Astros general manager Jeff Luhnow said Monday that Lance McCullers could need surgery on his right elbow.
McCullers pitched fantastically when healthy last season, but on August 4 he suffered what was then termed a “forearm strain” and hit the disabled list, missing the rest of August and most of September. When he returned he was limited to bullpen duty and told the press he was “working through some things.”
Luhnow now admits that those “things” are in his elbow, not his forearm, and that could mean surgery that will cost him his entire 2019 season.
In 2018 McCullers tossed a career-high 128.1 innings in 22 starts and three relief appearances. His strikeout rate held steady at ten for every nine innings pitched and he allowed fewer hits per nine, which offset a slight uptick in his walk rate. The development of his changeup this season complemented his signature curve quite well, and looked to elevate him from good to great.
Unfortunately, injury may sidetrack his career. Maybe even for a year. We won’t know for sure until later this week, most likely.
Former Red Sox right-hander Nathan Eovaldi is up for grabs this offseason, and Nick Cafardo of the Boston Globe says that as many as nine suitors are interested in bringing the righty aboard. While the Red Sox are eager to retain Eovaldi’s services after his lights-out performance during their recent postseason run, they’ll have to contend with the Brewers, Phillies, Braves, White Sox, Padres, Blue Jays, Giants, and Angels — all of whom are reportedly positioned to offer something for the starter this winter.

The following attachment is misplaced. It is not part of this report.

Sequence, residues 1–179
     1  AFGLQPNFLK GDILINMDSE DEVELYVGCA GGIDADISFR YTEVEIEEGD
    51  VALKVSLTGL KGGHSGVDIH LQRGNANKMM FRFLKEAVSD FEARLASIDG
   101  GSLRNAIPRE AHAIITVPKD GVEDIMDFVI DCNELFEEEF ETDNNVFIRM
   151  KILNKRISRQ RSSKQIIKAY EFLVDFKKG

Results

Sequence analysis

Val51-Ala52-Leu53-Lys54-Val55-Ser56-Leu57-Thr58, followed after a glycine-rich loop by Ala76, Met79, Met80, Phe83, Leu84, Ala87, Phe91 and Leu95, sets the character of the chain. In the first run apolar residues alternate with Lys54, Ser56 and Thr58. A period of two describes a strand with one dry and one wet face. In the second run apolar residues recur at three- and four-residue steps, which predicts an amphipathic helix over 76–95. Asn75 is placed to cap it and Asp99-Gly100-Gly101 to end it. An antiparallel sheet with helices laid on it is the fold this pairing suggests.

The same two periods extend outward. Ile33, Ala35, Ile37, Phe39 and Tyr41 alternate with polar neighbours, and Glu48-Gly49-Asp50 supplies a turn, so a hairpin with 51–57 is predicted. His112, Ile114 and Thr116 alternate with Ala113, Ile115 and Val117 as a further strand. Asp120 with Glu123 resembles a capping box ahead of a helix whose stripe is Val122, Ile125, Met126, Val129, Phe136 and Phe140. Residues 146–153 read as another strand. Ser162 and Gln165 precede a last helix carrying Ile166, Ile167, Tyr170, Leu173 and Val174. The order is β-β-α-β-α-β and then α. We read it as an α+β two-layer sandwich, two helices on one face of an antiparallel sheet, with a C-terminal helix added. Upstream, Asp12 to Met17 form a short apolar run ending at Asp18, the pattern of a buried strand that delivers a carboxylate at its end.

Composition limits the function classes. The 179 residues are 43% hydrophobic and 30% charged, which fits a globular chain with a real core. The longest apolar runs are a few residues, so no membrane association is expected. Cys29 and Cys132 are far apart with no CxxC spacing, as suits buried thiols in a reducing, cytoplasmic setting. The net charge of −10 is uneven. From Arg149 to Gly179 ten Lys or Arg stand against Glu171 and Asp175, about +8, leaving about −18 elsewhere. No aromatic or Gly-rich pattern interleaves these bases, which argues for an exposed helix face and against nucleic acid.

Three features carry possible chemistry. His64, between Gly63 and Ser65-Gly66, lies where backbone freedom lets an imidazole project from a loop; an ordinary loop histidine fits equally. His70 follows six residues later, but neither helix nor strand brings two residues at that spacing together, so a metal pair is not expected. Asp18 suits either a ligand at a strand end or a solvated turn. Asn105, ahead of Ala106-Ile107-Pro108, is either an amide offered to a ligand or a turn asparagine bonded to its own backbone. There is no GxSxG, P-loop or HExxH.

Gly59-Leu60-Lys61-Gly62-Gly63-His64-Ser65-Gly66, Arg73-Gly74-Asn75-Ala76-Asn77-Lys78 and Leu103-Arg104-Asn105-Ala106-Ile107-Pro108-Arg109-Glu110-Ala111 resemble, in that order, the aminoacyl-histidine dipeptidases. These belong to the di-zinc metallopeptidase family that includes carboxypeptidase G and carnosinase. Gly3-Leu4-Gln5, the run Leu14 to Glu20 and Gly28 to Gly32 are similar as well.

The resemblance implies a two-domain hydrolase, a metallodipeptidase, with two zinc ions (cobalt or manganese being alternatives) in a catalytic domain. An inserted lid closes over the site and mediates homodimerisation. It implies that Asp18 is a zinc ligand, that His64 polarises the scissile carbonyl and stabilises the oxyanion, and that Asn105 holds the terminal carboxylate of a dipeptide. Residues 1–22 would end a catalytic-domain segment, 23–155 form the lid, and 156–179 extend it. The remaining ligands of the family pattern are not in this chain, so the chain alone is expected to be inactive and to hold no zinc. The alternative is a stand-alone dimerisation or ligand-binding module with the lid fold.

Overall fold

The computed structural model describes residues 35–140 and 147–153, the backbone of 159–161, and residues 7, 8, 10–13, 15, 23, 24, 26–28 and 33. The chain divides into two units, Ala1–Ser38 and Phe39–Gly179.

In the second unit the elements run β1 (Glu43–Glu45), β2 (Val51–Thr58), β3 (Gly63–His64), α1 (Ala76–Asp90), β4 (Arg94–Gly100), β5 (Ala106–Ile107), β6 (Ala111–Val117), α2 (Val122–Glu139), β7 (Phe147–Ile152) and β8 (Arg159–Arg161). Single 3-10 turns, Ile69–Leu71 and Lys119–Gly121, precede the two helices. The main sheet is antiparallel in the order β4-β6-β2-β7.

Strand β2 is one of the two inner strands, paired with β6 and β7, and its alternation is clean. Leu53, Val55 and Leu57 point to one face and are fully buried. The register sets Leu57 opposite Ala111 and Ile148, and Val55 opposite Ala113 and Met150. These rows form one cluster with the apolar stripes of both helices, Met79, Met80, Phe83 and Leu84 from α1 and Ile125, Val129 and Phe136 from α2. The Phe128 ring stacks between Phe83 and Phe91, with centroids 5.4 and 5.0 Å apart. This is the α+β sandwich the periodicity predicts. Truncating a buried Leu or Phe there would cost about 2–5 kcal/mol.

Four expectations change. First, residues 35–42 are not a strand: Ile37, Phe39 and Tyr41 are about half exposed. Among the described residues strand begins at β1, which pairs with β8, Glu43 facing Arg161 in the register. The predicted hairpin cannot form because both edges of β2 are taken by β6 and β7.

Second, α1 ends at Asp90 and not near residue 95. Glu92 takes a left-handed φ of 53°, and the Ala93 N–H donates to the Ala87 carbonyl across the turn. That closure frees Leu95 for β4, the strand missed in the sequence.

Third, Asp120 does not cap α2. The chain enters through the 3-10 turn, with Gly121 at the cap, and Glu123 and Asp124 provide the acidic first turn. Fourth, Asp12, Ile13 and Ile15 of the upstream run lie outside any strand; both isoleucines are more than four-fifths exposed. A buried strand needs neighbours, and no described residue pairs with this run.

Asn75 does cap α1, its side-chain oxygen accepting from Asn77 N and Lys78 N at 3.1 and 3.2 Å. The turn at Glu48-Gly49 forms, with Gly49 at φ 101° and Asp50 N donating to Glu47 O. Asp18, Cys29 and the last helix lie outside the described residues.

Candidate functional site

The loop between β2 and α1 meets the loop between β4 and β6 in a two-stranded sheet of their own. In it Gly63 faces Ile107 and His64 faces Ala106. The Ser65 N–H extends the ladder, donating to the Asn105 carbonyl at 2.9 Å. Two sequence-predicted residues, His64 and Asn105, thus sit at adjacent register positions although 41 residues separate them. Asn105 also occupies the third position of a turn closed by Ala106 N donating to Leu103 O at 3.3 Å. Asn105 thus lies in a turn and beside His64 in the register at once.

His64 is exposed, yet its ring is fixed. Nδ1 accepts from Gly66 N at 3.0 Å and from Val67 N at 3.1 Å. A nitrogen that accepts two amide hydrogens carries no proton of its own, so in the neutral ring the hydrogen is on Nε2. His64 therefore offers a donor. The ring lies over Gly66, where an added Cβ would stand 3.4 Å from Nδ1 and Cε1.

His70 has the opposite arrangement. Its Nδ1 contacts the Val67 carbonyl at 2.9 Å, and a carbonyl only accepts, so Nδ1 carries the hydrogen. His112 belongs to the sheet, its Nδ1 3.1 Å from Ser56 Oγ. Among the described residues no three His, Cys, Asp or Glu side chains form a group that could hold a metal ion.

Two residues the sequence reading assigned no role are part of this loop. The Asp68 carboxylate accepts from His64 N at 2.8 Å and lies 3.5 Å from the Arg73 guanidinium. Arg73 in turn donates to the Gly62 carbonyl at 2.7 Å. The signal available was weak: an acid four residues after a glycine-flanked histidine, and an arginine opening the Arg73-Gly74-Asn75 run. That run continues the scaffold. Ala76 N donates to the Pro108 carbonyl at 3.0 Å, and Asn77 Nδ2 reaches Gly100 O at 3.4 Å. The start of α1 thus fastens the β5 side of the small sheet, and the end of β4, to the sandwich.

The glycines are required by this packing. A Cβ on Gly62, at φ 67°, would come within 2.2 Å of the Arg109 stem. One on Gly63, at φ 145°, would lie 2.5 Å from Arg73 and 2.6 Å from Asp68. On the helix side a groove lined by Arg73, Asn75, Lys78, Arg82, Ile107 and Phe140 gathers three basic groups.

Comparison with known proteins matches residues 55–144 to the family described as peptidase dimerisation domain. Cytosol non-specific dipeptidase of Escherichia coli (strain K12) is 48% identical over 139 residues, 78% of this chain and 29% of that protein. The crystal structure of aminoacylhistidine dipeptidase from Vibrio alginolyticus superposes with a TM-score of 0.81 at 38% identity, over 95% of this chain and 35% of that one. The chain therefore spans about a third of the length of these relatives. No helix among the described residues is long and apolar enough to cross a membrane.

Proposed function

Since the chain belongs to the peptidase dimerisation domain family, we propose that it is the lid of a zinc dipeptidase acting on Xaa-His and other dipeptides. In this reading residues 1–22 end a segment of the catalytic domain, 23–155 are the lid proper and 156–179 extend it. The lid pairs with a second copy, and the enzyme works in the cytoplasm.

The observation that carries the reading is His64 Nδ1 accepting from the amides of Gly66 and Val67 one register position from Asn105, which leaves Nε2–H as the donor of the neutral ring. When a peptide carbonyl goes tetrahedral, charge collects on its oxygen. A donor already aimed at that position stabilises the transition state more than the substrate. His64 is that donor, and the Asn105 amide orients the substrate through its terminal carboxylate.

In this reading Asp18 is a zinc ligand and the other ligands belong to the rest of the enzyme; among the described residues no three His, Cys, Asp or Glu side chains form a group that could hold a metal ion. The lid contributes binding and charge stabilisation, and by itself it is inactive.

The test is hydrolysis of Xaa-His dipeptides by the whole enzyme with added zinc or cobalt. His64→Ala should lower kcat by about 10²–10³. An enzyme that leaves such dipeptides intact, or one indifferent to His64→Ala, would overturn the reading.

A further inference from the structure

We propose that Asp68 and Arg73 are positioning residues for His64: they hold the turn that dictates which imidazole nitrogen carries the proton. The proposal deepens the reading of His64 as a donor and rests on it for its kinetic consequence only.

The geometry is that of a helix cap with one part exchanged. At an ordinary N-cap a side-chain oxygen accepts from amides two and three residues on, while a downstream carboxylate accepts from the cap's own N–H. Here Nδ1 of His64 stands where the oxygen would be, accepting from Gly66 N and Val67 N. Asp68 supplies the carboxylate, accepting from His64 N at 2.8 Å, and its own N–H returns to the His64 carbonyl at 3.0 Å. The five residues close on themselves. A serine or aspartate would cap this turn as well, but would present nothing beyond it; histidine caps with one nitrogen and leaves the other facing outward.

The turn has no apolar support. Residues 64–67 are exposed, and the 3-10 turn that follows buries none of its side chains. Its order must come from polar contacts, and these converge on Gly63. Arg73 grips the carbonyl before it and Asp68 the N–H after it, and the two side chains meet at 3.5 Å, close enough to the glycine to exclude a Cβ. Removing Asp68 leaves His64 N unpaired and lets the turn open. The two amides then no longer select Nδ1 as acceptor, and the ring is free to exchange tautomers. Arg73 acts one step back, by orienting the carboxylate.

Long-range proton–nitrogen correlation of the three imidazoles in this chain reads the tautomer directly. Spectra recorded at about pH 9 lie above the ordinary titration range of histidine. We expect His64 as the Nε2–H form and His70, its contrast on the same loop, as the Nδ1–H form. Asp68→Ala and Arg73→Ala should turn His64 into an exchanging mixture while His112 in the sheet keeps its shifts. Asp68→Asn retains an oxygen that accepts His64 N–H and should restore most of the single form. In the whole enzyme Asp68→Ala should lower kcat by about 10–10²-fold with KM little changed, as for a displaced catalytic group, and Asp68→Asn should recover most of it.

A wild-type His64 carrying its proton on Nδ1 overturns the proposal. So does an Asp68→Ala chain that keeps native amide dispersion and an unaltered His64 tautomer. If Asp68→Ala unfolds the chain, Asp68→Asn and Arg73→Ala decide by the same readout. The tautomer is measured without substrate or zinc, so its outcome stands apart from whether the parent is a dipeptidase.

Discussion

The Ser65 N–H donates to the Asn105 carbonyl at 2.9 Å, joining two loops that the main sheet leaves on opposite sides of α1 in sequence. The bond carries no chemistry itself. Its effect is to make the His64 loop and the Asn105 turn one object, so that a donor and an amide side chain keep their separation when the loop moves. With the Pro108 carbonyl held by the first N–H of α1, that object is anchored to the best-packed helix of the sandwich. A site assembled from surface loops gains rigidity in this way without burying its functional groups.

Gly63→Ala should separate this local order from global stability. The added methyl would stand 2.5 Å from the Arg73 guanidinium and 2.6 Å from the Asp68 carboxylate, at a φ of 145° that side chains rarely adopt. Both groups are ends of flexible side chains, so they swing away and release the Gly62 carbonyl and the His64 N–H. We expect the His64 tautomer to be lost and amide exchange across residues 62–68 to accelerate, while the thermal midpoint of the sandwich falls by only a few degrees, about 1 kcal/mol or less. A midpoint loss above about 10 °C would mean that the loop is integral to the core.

It wasn’t all smooth sailing for the 28-year-old in 2018, however. After losing his 2017 season to Tommy John surgery, he underwent an additional procedure to remove loose bodies from his right elbow in March and didn’t make his first appearance until the end of May. He was flipped for lefty reliever Jalen Beeks just prior to the trade deadline and finished his season with a combined 6-7 record in 21 starts, a 3.81 ERA, 1.6 BB/9, and 8.2 SO/9 through 111 innings.
Despite his numerous health issues over the last few years, Eovaldi raised his stock in October after becoming a major contributor during the Red Sox’ championship run. He contributed two quality starts in the ALDS and ALCS and returned in Games 1-3 of the World Series with three lights-out performances in relief — including a six-inning effort in the 18-inning marathon that was Game 3.
A frontrunner has yet to emerge for the righty this offseason, but Cafardo points out that the nine teams listed so far might just be the tip of the iceberg. Still, he won’t be the most sought-after starter on the market, as former Diamondbacks southpaw Patrick Corbin is expected to command an even bigger payday following his career-best 6.0-fWAR performance in 2018.